MCIL also processes company registrations. The fee to register an overseas company is about US $150. For a company to qualify as a “Samoan company,” the majority of share-holders must be Samoan.
All businesses in the greater Apia area have access to broadband and wi-fi, which is reasonably reliable and fast, but relatively expensive. In rural Upolu and on Savaii Island there is limited availability of high speed internet and wi-fi. However, Samoa recently completed the installation of a National Broadband Highway which will provide fiber optic data services and 4G LTE cellular data speeds to the entire country. It is currently being tested, and is expected to be operative and commercially available by mid-2014. 3G internet accessibility from cellular devices is currently available nationwide.
Samoa’s current connection to the internet is through the fiber optic ASH cable, which runs from American Samoa to Hawaii, with the SAS cable linking the two Samoas, and has a durable lifetime through 2020. Samoa’s future links to the outside world seem promising, with options to connect to the Southern Cross Cable, the main current trans-Pacific link between Australia and the mainland United States, or through the proposed Hawaiki cable which will run between New Zealand, Australia, and the west coast of the U.S.
Land has a special status in Samoa, as it does in most Pacific Island countries. Under the country’s land classification system, about 80% of all land is customary land, owned by villages, with the remainder either freehold or government owned. The standard way for obtaining customary land, which cannot be bought or sold, is through long term leases that must be negotiated with the local communities. A typical lease for business use might be for 30 years, with the option of a further 30 years after that, but longer terms can be negotiated. It should be noted that customary land cannot be mortgaged, and thus cannot be used as collateral to raise capital or credit. Freehold land, mostly based in and around Apia can be bought, sold and mortgaged. Only Samoan citizens may buy freehold land, unless approval is obtained from Samoa’s Head of State.
TI Corruption Perceptions Index
3.9 – 69/183
Heritage Foundations’ Economic Freedom Index
57.1 – 106/177
World Bank’s “Ease of Doing Business”
World Bank GNI per capita
The Millennium Challenge Corporation, a U.S. Government entity charged with delivering development grants to countries that have demonstrated a commitment to reform, produced scorecards for countries with a 2012 per capita gross national income (GNI) or $4,085 or less. A list of countries/economies with MCC scorecards and links to those scorecards is available here: http://www.mcc.gov/pages/selection/scorecards. Details on each of the MCC’s indicators and a guide to reading the scorecards, are available here: http://www.mcc.gov/documents/reports/reference-2013001142401-fy14-guide-to-the-indicators.pdf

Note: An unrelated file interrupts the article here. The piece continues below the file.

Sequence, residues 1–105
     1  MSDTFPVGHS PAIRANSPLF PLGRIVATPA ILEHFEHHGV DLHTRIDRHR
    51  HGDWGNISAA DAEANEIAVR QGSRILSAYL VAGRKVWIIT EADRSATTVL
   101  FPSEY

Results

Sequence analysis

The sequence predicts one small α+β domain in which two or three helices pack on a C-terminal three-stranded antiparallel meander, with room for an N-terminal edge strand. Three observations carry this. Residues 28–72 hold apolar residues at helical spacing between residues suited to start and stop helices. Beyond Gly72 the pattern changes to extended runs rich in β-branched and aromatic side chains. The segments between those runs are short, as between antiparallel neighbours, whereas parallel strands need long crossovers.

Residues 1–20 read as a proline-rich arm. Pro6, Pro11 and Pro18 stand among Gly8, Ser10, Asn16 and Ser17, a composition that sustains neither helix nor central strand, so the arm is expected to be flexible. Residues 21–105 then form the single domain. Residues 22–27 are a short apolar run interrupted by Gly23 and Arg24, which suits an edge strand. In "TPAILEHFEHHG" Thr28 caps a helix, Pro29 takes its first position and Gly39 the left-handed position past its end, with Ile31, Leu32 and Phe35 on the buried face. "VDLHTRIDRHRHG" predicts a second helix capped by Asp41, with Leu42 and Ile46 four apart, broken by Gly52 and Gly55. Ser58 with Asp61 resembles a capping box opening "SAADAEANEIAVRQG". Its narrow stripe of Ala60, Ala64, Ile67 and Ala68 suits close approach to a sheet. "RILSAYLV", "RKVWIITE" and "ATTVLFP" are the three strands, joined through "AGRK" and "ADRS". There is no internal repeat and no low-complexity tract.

The Central Bank of Samoa controls all foreign exchange transactions as well as matters relating to monetary stability and supply of money within the country. This includes international transactions, overseas transfer of funds and funding of imports, and registration of insurance companies. Repatriation of overseas capital and profits is normally permitted provided the original investment entered Samoa through the banking system or in an otherwise formally approved manner. Investors also have the freedom to repay principle and interest on foreign loans raised for the purpose of the investment, and the freedom to pay fees to foreign parties for the use of intellectual property rights.
Expropriation cases in Samoa are not common; however, there was one significant case that occurred in 2009 over land designated for a new six story government complex. A business signed a 20-year lease with the government in 2005 but was then asked to move in 2008 to make way for the new building. The business moved, but won a settlement in the Court of Appeals against the government for a much larger sum than the government initially offered the business for vacating the land.
The provisions of the Arbitration Act 1976 shall have full effect in relation to disputes that involve foreign investors in Samoa. Subject to this Act and to any other law in Samoa, the Convention Settlement of Investment Disputes signed in Washington on 3rd February 1978 and ratified by Samoa on the 25th April 1978, shall have the force of law in Samoa. The Alternative Dispute Resolution Act 2007 also provides alternative dispute resolution procedures where civil or criminal cases may arise.